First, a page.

Milutinovic eyes another slice of history
Velibor ‘Bora’ Milutinovic, once described as citizen of the World Cup, was seen at the media cafeteria holding six bottles of energy drinks in a makeshift crate, obliging everyone who wanted a snapshot for their World Cup scrap books, writes Dhiman Sarkar.sports Updated: Jun 23, 2010 00:40 IST
For long, Edgar Davids only peered into his phone at the Ellis Park media centre on Monday. The glasses and the braided locks he wore as a footballer were in place but the branded clothing that’s since got this ITV expert into a tizzy was perhaps hidden under a long coat. By the sofa, stood a bouncer who conveyed the request for an interview of the man sent home by Holland coach Guus Hiddink during the 1996 European Championships. The denial was curt.
With Velibor ‘Bora’ Milutinovic it was different. Once described as citizen of the World Cup, the 65-year-old Serb was seen at the media cafeteria holding six bottles of energy drinks in a makeshift crate, obliging everyone who wanted a snapshot for their World Cup scrap books.
The lines on his face deeper than four years ago, Milutinovic, here as an expert, refused help with the drinks he had to carry up the winding passage to the media tribune. Every time someone called ‘Bora’, ‘Bora’, the bespectacled coach with the experience of five finals with different teams, acknowledged with a smile.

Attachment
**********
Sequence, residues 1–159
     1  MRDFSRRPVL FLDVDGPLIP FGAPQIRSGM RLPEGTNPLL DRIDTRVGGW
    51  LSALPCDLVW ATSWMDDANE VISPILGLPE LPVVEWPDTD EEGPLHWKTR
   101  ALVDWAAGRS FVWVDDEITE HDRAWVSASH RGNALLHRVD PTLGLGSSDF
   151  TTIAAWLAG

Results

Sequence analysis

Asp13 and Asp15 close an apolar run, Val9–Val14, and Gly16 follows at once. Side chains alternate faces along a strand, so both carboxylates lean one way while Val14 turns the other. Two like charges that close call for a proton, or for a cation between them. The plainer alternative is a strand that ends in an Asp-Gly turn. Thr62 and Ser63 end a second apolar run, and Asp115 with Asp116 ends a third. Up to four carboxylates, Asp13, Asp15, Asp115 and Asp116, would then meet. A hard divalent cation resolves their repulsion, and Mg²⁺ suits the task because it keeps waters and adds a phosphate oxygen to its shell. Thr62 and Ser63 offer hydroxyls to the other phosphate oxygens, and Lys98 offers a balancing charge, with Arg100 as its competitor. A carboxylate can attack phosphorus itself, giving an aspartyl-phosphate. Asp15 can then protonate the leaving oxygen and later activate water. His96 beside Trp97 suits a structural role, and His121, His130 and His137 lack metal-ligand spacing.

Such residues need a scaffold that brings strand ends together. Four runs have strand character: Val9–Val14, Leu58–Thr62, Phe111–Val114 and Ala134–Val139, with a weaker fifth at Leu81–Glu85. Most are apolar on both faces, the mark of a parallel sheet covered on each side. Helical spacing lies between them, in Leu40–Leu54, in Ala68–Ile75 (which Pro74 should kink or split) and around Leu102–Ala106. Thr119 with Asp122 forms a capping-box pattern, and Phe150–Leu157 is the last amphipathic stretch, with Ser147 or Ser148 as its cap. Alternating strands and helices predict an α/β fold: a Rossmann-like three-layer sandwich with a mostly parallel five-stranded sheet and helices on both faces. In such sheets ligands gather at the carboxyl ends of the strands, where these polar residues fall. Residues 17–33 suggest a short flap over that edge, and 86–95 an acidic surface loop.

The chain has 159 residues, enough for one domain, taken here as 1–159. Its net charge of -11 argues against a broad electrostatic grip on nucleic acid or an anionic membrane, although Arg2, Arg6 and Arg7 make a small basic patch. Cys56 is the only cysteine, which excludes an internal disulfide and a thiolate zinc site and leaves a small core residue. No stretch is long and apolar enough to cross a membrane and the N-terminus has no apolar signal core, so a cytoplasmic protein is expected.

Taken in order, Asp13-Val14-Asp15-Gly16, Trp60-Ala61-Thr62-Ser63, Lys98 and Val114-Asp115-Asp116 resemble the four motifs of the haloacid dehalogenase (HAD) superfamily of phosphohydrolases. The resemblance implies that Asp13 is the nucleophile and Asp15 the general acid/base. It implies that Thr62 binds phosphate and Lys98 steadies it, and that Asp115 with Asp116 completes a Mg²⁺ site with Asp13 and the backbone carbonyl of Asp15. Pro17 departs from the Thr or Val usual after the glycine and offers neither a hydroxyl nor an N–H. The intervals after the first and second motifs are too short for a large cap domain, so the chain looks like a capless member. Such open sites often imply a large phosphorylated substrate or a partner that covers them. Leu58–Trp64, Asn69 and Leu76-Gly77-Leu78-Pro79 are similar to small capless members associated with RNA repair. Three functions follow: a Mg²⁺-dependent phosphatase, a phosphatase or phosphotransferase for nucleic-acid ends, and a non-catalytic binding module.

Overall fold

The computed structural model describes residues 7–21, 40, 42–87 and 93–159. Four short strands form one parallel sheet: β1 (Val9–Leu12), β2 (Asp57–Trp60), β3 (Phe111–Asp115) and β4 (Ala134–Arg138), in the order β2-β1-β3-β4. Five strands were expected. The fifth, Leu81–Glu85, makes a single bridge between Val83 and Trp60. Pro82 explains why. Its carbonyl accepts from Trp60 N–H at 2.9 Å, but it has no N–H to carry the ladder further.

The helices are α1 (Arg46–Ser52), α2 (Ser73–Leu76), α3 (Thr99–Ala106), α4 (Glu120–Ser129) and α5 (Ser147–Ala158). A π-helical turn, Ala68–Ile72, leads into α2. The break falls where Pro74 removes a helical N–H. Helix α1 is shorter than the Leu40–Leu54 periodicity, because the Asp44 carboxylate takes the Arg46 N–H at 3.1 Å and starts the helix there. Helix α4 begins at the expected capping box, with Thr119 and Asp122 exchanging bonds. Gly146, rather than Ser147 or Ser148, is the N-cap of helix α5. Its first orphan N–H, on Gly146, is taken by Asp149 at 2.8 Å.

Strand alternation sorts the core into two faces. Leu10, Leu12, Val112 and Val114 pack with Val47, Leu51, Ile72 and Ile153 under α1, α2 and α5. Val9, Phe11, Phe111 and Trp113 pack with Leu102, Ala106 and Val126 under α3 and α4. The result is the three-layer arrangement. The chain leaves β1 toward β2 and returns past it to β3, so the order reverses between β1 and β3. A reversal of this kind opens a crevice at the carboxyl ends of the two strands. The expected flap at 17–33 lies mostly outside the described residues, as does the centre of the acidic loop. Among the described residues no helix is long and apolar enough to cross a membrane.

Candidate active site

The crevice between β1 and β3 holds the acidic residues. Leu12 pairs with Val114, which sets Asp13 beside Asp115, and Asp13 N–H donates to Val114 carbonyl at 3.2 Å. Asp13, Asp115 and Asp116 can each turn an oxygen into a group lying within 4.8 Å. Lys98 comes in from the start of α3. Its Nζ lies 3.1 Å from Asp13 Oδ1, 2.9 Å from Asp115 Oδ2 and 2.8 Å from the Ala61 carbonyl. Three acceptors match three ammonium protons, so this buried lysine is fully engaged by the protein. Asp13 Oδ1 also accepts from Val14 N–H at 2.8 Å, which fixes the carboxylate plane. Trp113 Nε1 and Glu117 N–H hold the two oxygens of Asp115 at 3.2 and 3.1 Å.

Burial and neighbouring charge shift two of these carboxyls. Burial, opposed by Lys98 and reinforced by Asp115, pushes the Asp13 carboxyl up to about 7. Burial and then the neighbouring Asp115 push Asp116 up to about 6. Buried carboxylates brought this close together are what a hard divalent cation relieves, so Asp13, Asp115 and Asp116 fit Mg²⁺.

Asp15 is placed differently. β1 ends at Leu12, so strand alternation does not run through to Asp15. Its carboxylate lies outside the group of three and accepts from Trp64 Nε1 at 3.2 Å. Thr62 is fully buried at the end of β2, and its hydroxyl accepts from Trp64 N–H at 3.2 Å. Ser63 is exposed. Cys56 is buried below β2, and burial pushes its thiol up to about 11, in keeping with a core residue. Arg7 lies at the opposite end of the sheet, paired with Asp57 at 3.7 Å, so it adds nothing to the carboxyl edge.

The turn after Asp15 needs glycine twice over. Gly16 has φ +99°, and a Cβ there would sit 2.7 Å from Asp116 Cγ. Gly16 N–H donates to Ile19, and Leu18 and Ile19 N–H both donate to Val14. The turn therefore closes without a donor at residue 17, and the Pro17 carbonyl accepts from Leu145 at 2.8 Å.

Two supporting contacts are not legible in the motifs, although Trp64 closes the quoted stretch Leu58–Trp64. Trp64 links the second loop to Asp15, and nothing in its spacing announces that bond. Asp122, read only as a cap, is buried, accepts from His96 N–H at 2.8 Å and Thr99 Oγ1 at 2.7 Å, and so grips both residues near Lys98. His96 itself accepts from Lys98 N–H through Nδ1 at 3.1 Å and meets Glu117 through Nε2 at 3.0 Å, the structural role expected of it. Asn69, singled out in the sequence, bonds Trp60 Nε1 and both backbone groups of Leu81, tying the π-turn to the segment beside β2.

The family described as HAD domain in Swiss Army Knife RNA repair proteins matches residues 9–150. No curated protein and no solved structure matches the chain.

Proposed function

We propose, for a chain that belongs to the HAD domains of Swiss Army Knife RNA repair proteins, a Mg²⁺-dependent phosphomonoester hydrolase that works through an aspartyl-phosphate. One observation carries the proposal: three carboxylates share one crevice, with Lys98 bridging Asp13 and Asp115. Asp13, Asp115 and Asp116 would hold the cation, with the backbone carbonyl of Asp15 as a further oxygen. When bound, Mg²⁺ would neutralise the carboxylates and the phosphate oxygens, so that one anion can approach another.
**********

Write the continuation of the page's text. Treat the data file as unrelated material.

“That is life. The World Cup comes and goes,” he told HT when asked if football’s biggest event (one he calls the most special celebration of football and humanity) is missing him in the dugout. Having taken four teams into the second round led to him being called the ‘Miracle Worker’. After being at every World Cup from 1986 to 2002, Milutinovic the coach has been absent at the finals since. But he hasn’t given up hope. “If I get the right opportunity, I would definitely return,” Milutinovic said. “Let’s say, right now I am taking a break.” His last assignment was with Iraq for the Confederations Cup in South Africa last year.
Milutinovic said he isn’t surprised by Brazil and Argentina’s start here. “They are the favourites, aren’t they?” He went with the flow listing saying Holland, Germany, Spain, Italy and England as those who can go all the way.
For now, Milutinovic, who lives in Mexico, said he is busy as a bid ambassador for Qatar for the 2022 World Cup, a country where he coached Al-Sadd club. He has Barcelona coach Pep Guardiola, ex-Cameroon star Roger Milla, former Argentina striker Gabriel Batistuta and Saudi Arabian targetman Sami Al Jaber for company.
Milutinovic’s record of coaching five countries at the finals was bettered by Carlos Alberto Perreira this time. But if the World Cup does go to Qatar, 11 years after they host the Asian Cup, where India will play, he will again make history.